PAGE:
Suleimen: BRI can help Kazakhstan attract investments not only from Singapore, but also from other countries in South-East Asia

Is democracy a prerequisite for economic growth? What is a Singaporean democracy? How can the problem of trilingualism be solved? What are the prospects for cooperation between Kazakhstan and Singapore, given the implementation of initiatives such as the Belt and Road Initiative? Kazakh Ambassador to Singapore Usen Suleimen spoke about these issues in this interview.

There was an active public debate in Singapore about the power transfer to a new generation of leaders. In fact, the new government was formed with the participation of society.

By and large, the reshuffling in the government was not large scale. Only four people who reached retirement age left the government; however, this had no effect on their influence. In this regard, a very thoughtful strategy should be noted. For a long time, the government was headed by Emeritus Senior Minister (ESM) Goh Chok Tong, a vocal supporter of Lee Kuan Yew. Over the 14 years of his management, he raised the GDP per capita from $13,000 to $34,000. It conveys a great deal to me. Prime Minister Lee Hsien Loong may resign in 2021 under the constitution. Despite the fact that there are still three years, the process of preparing the fourth generation of the country’s leaders has begun. It is already clear that priority will be given to younger politicians aged 40-55 years. The new government thanked the country’s leadership for the trust and promised to propose a prime minister candidacy within these years. The country’s leadership takes the issue of continuity of power very seriously, while four candidates for the post of head of government are being discussed in society. They are now 40-47 years old and they will reach the 50-year threshold in 2021.

I like that they choose people who are ready to work in a team. There is no competition among them; they are ready for any candidacy, just to be in a single team, knowing that, whoever they choose, he or she will treat them as equals. This is a role model of political ethics. This system is very well-thought-out for many years to come.

Perhaps, the secret is in that they have motivation. They say ESM proposed raising salaries for government officials.

Goh Chok Tong is the person who, even after leaving his post, is still as popular in the country as before. He is responsible for Singapore’s investment policy. He travels around the globe and advises whether Singapore businesses should invest in one country or another. In 2016, he visited Kazakhstan and gave us very good recommendations. Recently on Facebook, he urged the state to consider the possibility of increasing salaries for officials, because many of them are coming from private entities; thus, they are seriously losing income. He cited the example of a minister who, prior to his appointment, worked in a private company and earned $2 million a year and now receives $500,000.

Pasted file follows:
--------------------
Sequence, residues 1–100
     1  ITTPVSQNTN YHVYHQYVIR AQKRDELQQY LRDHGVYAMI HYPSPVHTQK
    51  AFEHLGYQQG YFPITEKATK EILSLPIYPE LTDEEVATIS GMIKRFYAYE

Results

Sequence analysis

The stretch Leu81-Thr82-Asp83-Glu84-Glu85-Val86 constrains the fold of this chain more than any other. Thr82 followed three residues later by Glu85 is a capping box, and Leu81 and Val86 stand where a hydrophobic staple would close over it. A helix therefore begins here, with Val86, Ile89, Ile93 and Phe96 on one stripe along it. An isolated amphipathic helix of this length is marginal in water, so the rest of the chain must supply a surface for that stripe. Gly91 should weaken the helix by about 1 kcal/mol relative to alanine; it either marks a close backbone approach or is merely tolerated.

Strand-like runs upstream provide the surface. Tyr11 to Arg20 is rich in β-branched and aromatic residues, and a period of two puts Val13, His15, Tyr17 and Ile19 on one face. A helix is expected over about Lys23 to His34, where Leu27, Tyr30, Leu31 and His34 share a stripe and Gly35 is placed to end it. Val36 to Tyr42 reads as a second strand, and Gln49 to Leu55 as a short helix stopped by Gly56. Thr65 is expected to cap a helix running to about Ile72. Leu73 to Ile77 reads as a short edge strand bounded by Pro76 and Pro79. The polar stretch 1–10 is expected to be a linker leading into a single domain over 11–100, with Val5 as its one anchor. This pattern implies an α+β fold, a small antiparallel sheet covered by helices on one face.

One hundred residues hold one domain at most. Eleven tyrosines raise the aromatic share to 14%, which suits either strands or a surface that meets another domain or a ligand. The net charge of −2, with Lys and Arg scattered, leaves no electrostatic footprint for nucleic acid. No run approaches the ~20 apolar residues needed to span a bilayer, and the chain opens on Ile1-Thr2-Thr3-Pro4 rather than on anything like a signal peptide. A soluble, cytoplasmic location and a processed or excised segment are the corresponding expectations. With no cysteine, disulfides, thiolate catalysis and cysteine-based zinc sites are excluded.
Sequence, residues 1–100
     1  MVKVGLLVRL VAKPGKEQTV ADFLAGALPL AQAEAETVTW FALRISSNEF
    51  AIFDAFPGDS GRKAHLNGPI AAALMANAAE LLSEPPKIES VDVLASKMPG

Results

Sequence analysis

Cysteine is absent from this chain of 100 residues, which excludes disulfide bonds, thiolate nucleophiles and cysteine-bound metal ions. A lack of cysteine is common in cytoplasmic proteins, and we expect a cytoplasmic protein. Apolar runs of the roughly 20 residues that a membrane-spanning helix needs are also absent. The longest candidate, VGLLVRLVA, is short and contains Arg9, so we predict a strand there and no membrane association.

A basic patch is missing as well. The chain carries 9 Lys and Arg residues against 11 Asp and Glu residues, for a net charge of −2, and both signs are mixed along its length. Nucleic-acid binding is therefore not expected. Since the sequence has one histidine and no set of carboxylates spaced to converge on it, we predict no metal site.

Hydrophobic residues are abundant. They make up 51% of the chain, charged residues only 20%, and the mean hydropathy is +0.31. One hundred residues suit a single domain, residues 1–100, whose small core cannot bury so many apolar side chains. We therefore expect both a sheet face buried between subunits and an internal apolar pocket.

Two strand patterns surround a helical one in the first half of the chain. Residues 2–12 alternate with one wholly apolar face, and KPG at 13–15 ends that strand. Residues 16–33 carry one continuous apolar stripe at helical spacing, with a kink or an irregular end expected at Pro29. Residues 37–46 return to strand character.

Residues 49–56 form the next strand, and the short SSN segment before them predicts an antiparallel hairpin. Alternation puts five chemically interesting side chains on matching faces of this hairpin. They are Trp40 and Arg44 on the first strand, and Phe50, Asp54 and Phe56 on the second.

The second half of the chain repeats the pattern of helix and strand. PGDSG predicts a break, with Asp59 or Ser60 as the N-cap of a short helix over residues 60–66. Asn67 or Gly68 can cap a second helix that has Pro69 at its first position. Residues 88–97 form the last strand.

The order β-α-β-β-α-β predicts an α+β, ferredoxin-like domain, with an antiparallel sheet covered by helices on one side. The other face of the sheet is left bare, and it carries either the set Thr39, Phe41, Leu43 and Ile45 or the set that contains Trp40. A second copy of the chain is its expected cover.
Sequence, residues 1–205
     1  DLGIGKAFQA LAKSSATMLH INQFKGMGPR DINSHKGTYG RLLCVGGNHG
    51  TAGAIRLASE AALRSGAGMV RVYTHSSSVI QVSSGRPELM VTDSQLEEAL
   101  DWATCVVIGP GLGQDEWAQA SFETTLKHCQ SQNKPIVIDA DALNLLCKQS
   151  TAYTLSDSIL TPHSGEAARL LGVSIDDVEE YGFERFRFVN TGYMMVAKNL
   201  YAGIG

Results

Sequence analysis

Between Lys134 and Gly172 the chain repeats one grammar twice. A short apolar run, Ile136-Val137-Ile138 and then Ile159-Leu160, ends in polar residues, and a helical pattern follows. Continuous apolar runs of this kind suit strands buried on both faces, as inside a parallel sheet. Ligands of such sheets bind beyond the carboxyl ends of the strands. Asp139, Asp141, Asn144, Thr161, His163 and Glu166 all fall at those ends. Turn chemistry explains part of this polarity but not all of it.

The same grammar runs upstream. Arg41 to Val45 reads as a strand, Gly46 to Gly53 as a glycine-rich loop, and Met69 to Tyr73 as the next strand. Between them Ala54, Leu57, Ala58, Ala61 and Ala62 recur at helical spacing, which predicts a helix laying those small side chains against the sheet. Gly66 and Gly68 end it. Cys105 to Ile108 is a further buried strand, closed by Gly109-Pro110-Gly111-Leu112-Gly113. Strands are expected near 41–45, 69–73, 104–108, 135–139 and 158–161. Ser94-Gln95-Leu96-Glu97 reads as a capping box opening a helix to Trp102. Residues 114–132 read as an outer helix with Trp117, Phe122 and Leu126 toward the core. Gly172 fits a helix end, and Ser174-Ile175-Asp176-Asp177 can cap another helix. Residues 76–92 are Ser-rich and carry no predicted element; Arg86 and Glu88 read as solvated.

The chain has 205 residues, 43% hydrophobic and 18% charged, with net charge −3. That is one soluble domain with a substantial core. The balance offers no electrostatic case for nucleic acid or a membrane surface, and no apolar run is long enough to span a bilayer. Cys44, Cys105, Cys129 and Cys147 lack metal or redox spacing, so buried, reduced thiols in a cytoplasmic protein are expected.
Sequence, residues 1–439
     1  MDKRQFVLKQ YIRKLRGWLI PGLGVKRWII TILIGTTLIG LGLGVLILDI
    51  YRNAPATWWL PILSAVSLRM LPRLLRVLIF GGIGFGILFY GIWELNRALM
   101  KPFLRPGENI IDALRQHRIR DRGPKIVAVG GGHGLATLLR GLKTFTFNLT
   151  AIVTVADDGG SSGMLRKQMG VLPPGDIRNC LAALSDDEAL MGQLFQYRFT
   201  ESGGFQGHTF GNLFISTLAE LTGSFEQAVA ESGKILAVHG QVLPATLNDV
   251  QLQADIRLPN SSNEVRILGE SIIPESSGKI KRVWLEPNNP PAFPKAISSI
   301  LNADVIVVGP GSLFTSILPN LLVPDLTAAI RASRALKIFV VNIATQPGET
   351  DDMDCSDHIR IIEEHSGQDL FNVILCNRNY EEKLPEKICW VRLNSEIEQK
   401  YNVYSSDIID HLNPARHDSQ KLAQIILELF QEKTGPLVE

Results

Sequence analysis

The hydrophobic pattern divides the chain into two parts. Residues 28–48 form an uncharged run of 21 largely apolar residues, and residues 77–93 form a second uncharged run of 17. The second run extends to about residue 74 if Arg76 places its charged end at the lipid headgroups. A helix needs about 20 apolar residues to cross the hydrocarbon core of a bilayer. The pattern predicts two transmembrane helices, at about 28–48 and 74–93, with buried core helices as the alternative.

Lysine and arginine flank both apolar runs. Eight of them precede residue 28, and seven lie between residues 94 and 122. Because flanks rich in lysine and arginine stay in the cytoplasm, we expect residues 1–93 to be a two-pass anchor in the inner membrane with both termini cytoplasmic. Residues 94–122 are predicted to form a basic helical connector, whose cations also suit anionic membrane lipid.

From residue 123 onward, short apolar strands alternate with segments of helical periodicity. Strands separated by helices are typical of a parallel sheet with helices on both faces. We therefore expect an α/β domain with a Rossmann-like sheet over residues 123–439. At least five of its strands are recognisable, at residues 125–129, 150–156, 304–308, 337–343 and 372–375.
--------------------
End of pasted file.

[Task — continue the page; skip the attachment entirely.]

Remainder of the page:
He expressed concern that many may refuse to be civil servants, because in private business they earn much more. This caused a certain stir and now there are robust discussions. I do not exclude that a new generation of leaders will raise their salaries and there will be nothing surprising in this. This is because they can afford it.

Is it true that it was Lee Kuan Yew who advised our President on the principle “first economy, then politics”?

Yes, our President has repeatedly mentioned this in his interviews. Few people know that the West for a long time called Lee Kuan Yew a usurper and an autocrat, accusing him of paying little attention to human rights issues. Nevertheless, 10 years later, when Singapore became an advanced country, the U.S. Congress applauded him with a 10-minute standing ovation. The world loves a winner. After all, Singapore ignored the requirements to comply with the Organisation for Security and Co-operation in Europe (OSCE) standards and Freedom House; there is still no foreign NGOs here and there probably never will be.

But it does not mean that human rights were violated.

It depends on what is considered as such. Disputes on interfaith and inter-ethnic topics are maximally minimised. But at the same time, housing policy is designed so that apartments are equally distributed between the three major ethnic groups, Indians, Malays and Chinese, so that they live mixed. I worked in the OSCE and consider their standards to be ideal, but the implementation is always crucial. You cannot follow the imposed clichés without taking into account local mentality features. The meaning of human rights is interpreted here as ensuring all its needs: the right to work, education and healthcare. At the same time there is nothing for free, no pensions. A person should personally take care of his or her future as much as possible. Paternalism is excluded at the level of state policy.

Nevertheless, social networks in Singapore are an active channel of communication between the government and society. Even high-level officials are not averse to social networks. This indicates a fairly high level of democracy in the society.

Absolutely! The prime minister places posts on his feed daily. This indicates a high level of democracy in the true sense of this notion.

Consequently, Singapore has broken all the stereotypes of the West, which claims that it is so important to develop civil society. In simple words, there is no civil society in Singapore. There is no opposition in its classical sense, but there is discussion; there is a fairly high level of openness – there is what is called ensuring succession. At the same time, the population, in a good way, is highly politicised and behaves like shareholders, overseeing the work of the board of directors.